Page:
Wat Yai Chaimongkal from the back side.
Wat Yai Chaimongkal from the front. It's huge!
Wat Mahathat, so many ruins packed in this beautiful park.
I’ve learned something great about Thai people, their persistence and determination for their home whether it’s their city, country, their place of business or their actual residence, is unstoppable. I admire their upbeat attitude and fortitude when it comes to getting the job done through a shattering event.
Friends at the "Moustashio Bashio"
I’m proud to call Ayutthaya my new home away from home for at least a little while. I love jogging through the ruins after school each day and having to move over for the elephant in my path. Catching the sun set over the ponds. Waving “Sawadee kaa” to the same familiar faces you see each day. I love the night market near my house and how the “spring roll lady” knows my face and my order without even asking. I love the group of foreign teachers and how we have our own community within the community, even though we’re from all over the world. I love riding my bike around the island and discovering old ruins, statues, and temples that are hundreds of years old right in my back yard-mixed with the modern conveniences of 7-Eleven. Ayutthaya is a true Thai cultural experience, not just a tropical tourist spot. I’m so glad I stayed during those difficult first few weeks, but I’m most thankful for my first hand experience at watching a city rebuild itself.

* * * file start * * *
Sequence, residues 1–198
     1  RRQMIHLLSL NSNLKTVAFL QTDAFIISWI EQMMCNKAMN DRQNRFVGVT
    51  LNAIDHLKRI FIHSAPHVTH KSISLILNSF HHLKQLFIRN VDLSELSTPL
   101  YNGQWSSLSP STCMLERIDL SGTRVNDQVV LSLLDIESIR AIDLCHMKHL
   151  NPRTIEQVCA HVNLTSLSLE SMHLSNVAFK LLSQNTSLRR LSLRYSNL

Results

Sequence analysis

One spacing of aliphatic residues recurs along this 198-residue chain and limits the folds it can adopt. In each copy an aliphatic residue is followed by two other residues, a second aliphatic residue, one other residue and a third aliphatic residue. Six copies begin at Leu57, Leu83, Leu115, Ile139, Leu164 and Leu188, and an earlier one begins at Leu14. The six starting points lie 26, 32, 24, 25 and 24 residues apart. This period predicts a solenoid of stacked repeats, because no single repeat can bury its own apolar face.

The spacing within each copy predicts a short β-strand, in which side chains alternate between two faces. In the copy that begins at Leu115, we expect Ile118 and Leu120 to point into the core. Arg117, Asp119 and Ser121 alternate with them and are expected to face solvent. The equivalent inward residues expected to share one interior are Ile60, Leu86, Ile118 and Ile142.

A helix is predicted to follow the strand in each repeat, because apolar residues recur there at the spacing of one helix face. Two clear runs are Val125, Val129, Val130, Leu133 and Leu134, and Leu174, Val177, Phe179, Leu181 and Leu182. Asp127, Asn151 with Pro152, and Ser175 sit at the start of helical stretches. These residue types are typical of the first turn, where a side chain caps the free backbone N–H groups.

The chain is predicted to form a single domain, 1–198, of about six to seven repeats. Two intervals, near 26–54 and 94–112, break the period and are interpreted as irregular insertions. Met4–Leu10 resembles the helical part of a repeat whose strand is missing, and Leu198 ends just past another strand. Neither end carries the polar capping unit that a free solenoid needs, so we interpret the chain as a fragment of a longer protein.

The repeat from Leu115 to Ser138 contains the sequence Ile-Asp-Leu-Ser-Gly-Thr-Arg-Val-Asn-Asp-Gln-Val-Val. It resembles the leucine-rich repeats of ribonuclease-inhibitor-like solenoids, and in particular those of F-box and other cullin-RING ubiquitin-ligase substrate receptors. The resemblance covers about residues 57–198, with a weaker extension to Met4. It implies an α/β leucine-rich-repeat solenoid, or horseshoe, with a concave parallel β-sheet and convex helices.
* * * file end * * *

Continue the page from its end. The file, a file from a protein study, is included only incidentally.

Location Location Location
Bangkok is a short (2 USD) hour ride away in an air-conditioned minibus for all my Westernized needs.

View of Bang Pa-In from the watchtower.
Bang Pa-In Palace – On the outskirts of Ayutthaya, a gorgeous and well-preserved royal palace is awaiting your arrival. The palace is covered in lush green grass and vibrant flowers. The estate gave off a very European feeling with its tidy landscape. The watchtower is a great place to get a bird’s eye view of the gorgeous palace. You can definitely spend an afternoon exploring the exhibits in several of the buildings as well as the incredible architecture.

Glass maker creating trinkets at Bang Sai.